Jump to ContentJump to Main Navigation
Just TalkGossip, Meetings, and Power in a Papua New Guinea Village$
Users without a subscription are not able to see the full content.

Karen Brison

Print publication date: 1992

Print ISBN-13: 9780520077003

Published to California Scholarship Online: May 2012

DOI: 10.1525/california/9780520077003.001.0001

Show Summary Details
Page of

PRINTED FROM CALIFORNIA SCHOLARSHIP ONLINE (www.california.universitypressscholarship.com). (c) Copyright University of California Press, 2017. All Rights Reserved. Under the terms of the licence agreement, an individual user may print out a PDF of a single chapter of a monograph in CALSO for personal use (for details see http://california.universitypressscholarship.com/page/535/privacy-policy-and-legal-notice).date: 18 December 2017

Village Courts and the Art of Bluffing

Village Courts and the Art of Bluffing

Chapter:
(p.78) Chapter Four Village Courts and the Art of Bluffing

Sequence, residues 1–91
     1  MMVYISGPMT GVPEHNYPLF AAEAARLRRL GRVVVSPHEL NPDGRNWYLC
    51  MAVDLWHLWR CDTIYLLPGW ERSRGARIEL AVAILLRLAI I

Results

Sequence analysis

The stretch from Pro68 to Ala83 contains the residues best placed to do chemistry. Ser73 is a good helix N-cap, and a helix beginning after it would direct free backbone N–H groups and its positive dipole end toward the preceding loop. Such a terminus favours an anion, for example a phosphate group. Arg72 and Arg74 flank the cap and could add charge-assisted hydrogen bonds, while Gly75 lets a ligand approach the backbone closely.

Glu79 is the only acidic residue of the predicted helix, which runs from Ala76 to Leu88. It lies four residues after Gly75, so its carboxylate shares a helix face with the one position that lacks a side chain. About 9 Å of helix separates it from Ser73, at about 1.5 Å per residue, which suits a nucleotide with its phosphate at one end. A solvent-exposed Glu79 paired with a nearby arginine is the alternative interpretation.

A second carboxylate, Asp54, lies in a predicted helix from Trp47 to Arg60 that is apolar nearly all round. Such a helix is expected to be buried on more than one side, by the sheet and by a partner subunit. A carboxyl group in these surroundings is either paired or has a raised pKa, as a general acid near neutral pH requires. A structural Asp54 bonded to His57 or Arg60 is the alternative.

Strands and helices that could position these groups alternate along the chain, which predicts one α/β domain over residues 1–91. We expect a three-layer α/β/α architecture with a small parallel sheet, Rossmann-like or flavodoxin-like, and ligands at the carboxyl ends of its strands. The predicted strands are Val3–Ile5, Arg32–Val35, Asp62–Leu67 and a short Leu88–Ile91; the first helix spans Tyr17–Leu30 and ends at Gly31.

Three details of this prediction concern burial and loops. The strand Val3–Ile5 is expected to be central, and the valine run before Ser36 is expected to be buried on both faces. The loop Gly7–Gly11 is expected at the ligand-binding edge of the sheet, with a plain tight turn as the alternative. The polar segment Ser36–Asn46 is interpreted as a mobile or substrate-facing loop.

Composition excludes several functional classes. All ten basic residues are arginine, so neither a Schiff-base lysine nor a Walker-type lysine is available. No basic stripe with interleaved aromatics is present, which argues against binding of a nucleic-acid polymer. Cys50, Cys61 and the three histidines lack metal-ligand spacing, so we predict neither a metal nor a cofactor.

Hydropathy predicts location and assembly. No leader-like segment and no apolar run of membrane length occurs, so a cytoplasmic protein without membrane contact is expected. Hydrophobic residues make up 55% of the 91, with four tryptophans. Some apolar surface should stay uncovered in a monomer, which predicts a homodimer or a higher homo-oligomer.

Source:
Just Talk
Author(s):

Karen J. Brison

Publisher:
University of California Press
DOI:10.1525/california/9780520077003.003.0004

Examining court hearings revealed that initiated men were not the only ones who dropped hints and spread rumors, but that almost everyone in the community preferred to avoid open confrontation and criticism and to cast their complaints about their neighbors and kin in veiled, ambiguous language. In this way, people could mobilize public opinion against those they did not like, or could try to get people to behave better. Court hearings frequently failed when plaintiffs could only offer rumor and veiled remarks as proof of their charges, and witnesses either denied the statements attributed to them or said their words had been misconstrued. Thus, in court hearings and in everyday life, as in inquests, people tried to influence others by dropping hints, spreading rumors, and making public strong recommendations that they later refused to act on.

Keywords:   court hearings, hints, rumors, community, confrontation, criticism, public opinion, plaintiffs, witnesses

California Scholarship Online requires a subscription or purchase to access the full text of books within the service. Public users can however freely search the site and view the abstracts and keywords for each book and chapter.

Please, subscribe or login to access full text content.

If you think you should have access to this title, please contact your librarian.

To troubleshoot, please check our FAQs, and if you can't find the answer there, please contact us.